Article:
THE GAMBIA 2011
Courtesy of Phil Wallace and Vaughan Ashby
Once again Birdfinders recorded the highest number of species of any birdtour company in Gambia in 2011 with 324 species; we seem to be making a habit of it! Numbers of species seen isn't always the most important aspect of a tour however, quality of views is more important and in this respect everyone was able to enjoy views of all the speciality birds. The first week was spent at the coast at our usual high-quality hotel complete with air-conditioning, TVs, fridges and most importantly, excellent food. We visited all the main sites where uncommon species included Red-thighed Sparrowhawk (at Abuko for the second year running), Red-necked Falcon, Ahanta Francolin, White-fronted Sandplovers, Audouin's and Kelp Gulls, Greyish Eagle-owl, Klaas's Cuckoo, Black Scimitar-bill, Brown-backed and Buff-spotted Woodpeckers, Yellow-bellied Hyliota, White-fronted Black-chat, Senegal Batis, White-shouldered Black-tit, Yellow Penduline-tit, Brubru and Western Bluebill to name a few!
Our four-day upriver excursion went very much to plan. With the north bank road still in excellent condition we reached the main sites in good time and were rewarded with excellent views of a Savile's Bustard. Better still, whilst looking for this bird, our guide found not one but a pair of White-bellied Bustards! Singing Bushlarks were also very much in evidence at the site this year. Moving on, just six Egyptian Plovers remained at their main non-breeding site, evidence of poor rains this season, with Kittlitz's Plovers equalling them in numbers. Two major surprises were in store for us later however, with Allen's Gallinule being found (the first ever on this tour) and a family party of African Pygmy-geese. The waterholes didn't disappoint either with several Sudan Golden Sparrows and Cinnamon-breasted Buntings seen amongst the myriads of Namaqua Doves, Red-billed Queleas, Bush Petronias, bishops and weavers. During our stay on Georgetown Island we visited Bangsang Quarry to witness the spectacle of hundreds of breeding pairs of Red-throated Bee-eaters, whilst on the island itself prolonged and repeated views of Cardinal Woodpeckers and Red-shouldered Cuckoo-shrikes were appreciated together with Stone Partridges, a Spotted Thick-knee, Four-banded Sandgrouse and African Scops-owl amongst others. Two Verreaux's Eagle-owls were found at their normal roost site whilst a stop at a Marabou breeding colony entertained the local children. Our 4-hour river trip highlight for some were multiple sightings of Hippopotomus but the birds also performed well with two Shining-blue Kingfishers, Grey-headed Kingfisher, Black Coucal, Mohos and numerous Swamp Flycatchers. After disembarking we visited Wasu Stone Circle for lunch and then on to another Red-throated Bee-eater Colony where 10 Northern Carmine Bee-eaters were much appreciated. The ferry at Farafenni was chaos as usual and the extremely poor road from Soma to Tendaba meant that we arrived there after dark. Our boat trip up the mangrove creeks was as enjoyable as ever with White-backed Night-herons, African Hobby, a Golden-tailed Woodpecker, Mouse-brown Sunbirds, White-throated Bee-eaters and African Blue-flycatchers being totally eclipsed by a male House Bunting in totally atypical habitat! This was the first record for Gambia for several years. The afternoon and evening was spent on the Batelling Track which was rather quiet although after dark views of several Long-tailed Nightjars and a female Pennant-winged Nightjar within touching distance was ample reward! The final morning was again spent around the Batelling track where we found both Brown-rumped Buntings and White-rumped Seedeaters to add to our lists. The bumpy road back to the coast was broken by nice stops for African Yellow White-eyes, Yellow Penduline-tits and another Brubru.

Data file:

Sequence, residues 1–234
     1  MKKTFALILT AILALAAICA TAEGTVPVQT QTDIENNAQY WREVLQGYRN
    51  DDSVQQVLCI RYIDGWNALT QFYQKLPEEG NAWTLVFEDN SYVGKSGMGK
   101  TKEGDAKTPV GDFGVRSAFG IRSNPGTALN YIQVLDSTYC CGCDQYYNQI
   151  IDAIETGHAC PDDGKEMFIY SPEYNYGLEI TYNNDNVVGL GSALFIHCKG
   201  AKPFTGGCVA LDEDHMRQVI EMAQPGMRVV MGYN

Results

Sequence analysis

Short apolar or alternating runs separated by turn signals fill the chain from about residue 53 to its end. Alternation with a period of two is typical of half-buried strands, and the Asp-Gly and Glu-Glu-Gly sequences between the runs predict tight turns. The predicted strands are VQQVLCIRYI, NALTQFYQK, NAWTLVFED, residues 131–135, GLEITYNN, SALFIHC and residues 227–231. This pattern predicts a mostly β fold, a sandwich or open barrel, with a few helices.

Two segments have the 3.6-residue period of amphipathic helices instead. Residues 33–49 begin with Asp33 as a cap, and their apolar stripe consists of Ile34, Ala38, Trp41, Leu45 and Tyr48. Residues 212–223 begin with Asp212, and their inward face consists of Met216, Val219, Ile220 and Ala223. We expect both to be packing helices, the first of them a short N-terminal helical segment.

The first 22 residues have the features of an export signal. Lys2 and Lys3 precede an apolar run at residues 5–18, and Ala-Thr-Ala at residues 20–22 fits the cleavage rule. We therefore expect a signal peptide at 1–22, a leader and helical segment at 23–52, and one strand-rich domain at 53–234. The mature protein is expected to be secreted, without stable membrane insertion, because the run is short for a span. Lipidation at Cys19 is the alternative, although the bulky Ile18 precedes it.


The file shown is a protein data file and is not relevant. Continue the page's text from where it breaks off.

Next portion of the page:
After returning from upriver we revisited several sites on the coast where highlights were Yellowbill, Green Crombec, Green Hylia and finally, a Goliath Heron. It is of course impossible to see all the birds in one trip. Cumulatively I have seen 427 species in the 26 years I have been visiting the country but we did pretty well. Of the misses, Martial Eagle, is becoming a very rare bird in Gambia as is White-headed Vulture. Black Crowned-crane is also becoming extremely rare and unreliable at their former sites, Temminck's Courser hadn't arrived at their usual breeding sites, African Finfoot is very hit and miss with the best time being at the end of the dry season when water levels are low. Similarly, Abyssinian Ground-hornbill is much easier later in the dry season when the tall grasses have been either harvested or burnt. Ironically, we missed what used to be the easiest species of bustard, Black-bellied Bustard, but again, grasses were too tall at the usual site but I guess that you can't complain as we saw two other species of bustards!
Birdfinders have been offering this popular tour for many years and use the top local birdguides to support us. The price for this tour may be low but we stay at one of the best hotels at the coast and use the best camp on Georgetown Island complete with it's swimming pool so book early for our 2012 tour before it fills as we cannot guarantee to run two tours every years as we have for the past three years. For further information have a look at the checklist from this year's tour together with the pictures below, and also take a look at the website birdmad.co.uk, which has excellent photographs taken by Phil Wallace, one of our participants this year.